Terracotta vessel ”Nazca”
Nazca-culture, 300BCE-600CE, Peru, South America, private collection from Copenhagen, Denmark, Ex-museum collection
Nazca civilization flourished in ancient Peru between 300 BCE and 600 CE. Early Nazca society was made up of local chiefdoms and regional centers of power centered around Cahuachi, a non-urban ceremonial site. These pyramid-like structures and plazas, situated in lower part of the Nazca Valley, served as important spaces for fertility and agricultural rituals. Nazca artifacts indicate that they worshiped a number of gods, or nature spirits. They believed that these nature spirits played an active role in Nazca existence and survival.
Much of what is known about the Nazca religion comes from their pottery. Their polychrome, or multicolored pottery came in different shapes such effigy or animal shaped bulbous vessels, double spouted bottles and round bowls. Nazca pottery was made by hand (pottery wheel was unknown) by the method of coiling, where a tube of clay was spiralled around base to build up the vessel. Then the sides of vessel, both in and out, were smoothed by hand. Before firing the pottery was painted by using several earth minerals. Because the Nazca had no writing system, iconography painted on pottery vessels were as important means of communicating shared ideas, religious practises and preservation of history. Not simply for everyday use, then, the Nazca created vessels for ritual use, burial offerings, and pure decoration.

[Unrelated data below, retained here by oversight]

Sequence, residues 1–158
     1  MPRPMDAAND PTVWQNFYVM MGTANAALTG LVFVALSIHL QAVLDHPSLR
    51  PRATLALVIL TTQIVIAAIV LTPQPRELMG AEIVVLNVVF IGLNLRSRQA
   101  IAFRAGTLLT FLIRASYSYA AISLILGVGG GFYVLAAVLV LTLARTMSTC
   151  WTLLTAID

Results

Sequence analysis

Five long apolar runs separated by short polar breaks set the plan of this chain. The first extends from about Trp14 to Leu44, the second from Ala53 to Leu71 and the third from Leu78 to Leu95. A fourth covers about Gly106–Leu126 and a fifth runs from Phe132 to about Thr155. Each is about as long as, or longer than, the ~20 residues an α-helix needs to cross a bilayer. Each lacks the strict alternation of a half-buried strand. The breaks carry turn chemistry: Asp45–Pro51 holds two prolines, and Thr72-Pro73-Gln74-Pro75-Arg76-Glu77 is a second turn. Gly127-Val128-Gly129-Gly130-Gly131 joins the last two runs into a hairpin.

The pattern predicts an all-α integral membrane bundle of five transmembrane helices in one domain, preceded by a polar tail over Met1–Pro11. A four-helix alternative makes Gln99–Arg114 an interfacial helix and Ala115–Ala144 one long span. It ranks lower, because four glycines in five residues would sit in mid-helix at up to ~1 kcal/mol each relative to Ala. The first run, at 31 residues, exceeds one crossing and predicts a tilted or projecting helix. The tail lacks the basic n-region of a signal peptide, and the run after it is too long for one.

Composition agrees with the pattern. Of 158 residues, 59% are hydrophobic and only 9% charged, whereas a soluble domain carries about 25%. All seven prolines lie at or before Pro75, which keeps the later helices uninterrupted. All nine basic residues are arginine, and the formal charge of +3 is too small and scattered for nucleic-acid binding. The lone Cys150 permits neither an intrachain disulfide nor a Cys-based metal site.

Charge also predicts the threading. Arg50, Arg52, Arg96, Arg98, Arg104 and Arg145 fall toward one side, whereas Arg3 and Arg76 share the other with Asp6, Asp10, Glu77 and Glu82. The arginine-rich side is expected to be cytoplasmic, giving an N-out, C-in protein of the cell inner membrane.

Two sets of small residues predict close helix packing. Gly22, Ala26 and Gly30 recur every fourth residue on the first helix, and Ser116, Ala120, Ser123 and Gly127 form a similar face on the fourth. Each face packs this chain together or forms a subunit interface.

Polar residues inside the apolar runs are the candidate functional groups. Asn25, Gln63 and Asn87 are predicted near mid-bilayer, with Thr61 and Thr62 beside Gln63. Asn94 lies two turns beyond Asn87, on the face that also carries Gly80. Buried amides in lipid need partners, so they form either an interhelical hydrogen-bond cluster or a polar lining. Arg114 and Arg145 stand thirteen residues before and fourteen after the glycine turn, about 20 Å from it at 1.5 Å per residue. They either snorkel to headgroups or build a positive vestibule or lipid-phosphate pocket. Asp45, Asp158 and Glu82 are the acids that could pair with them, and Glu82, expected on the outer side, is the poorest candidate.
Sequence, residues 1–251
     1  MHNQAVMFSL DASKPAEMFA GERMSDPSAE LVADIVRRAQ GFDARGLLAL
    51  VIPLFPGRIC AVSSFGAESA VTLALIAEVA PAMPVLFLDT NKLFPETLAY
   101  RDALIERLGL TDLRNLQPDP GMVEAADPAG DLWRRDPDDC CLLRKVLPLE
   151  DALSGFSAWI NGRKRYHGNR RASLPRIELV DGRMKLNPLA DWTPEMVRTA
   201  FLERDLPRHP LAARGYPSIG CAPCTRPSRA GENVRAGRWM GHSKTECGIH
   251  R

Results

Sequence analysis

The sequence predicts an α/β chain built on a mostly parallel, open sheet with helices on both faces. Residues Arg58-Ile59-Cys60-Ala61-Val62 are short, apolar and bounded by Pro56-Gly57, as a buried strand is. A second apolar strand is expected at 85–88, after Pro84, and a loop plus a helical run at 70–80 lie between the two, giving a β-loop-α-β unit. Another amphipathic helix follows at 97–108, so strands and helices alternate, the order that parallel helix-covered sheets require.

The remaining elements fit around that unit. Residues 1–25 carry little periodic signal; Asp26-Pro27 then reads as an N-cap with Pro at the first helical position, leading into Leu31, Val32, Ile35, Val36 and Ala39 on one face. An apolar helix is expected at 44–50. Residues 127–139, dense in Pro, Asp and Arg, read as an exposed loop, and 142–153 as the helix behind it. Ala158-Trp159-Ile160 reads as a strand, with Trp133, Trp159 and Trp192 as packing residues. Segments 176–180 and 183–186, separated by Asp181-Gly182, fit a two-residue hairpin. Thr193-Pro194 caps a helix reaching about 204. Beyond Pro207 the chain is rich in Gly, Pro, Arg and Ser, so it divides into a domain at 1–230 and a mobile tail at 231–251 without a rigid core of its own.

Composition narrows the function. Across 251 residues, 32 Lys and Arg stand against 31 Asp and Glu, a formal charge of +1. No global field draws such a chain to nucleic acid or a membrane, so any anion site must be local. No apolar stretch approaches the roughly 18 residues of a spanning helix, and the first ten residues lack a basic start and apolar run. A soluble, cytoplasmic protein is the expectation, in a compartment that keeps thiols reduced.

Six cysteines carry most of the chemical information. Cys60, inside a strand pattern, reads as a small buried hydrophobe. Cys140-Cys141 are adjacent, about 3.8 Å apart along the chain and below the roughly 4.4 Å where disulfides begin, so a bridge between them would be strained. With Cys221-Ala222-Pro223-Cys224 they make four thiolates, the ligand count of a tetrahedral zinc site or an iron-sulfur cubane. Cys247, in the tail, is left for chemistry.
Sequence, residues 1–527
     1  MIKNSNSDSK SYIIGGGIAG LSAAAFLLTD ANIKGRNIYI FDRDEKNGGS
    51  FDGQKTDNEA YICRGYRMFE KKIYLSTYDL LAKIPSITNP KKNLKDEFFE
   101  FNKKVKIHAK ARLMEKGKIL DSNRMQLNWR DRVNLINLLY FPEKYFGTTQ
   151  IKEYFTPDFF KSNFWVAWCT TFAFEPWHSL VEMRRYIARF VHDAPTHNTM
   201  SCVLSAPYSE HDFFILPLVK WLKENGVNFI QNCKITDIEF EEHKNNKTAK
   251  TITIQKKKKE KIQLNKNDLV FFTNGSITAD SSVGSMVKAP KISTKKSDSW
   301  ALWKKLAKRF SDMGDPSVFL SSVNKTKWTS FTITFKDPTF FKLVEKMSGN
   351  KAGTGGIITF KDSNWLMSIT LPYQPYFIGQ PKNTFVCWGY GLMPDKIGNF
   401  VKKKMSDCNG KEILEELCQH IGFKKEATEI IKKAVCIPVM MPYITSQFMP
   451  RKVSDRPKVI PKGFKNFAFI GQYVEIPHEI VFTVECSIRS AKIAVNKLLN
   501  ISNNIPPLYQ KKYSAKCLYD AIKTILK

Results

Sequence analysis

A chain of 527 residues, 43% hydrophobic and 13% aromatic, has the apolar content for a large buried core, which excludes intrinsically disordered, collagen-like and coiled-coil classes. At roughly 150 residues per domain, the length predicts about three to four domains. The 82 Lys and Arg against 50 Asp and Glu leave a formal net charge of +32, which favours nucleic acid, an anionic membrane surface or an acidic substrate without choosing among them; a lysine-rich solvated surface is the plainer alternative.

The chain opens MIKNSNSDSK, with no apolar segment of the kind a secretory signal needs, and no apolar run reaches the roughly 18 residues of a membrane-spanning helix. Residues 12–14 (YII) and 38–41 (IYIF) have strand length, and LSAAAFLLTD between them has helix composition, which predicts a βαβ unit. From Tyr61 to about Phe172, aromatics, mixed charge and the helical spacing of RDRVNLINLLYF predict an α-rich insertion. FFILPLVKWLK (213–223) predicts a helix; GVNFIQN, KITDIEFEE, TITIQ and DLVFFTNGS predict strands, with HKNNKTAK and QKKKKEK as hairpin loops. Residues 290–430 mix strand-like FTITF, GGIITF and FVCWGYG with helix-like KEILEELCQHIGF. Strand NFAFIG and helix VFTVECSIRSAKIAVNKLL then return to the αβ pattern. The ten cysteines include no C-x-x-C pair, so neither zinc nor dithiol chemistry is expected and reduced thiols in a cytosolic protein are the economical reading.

This small pottery bowl has experienced and seen a lot during its well over a thousand years of history. The pottery was made with coiling technique, painted, fired and then polished. Geometric iconography is typical Nazca style. The pottery vessel has probably been a burial offering, placed in the grave. Good condition. Ex-museum repairing in the horizonal crack. Age-induced wear and abrasion. Size approx. 14,0cm x 13,9cm x 6,5cm. Weight c. 220g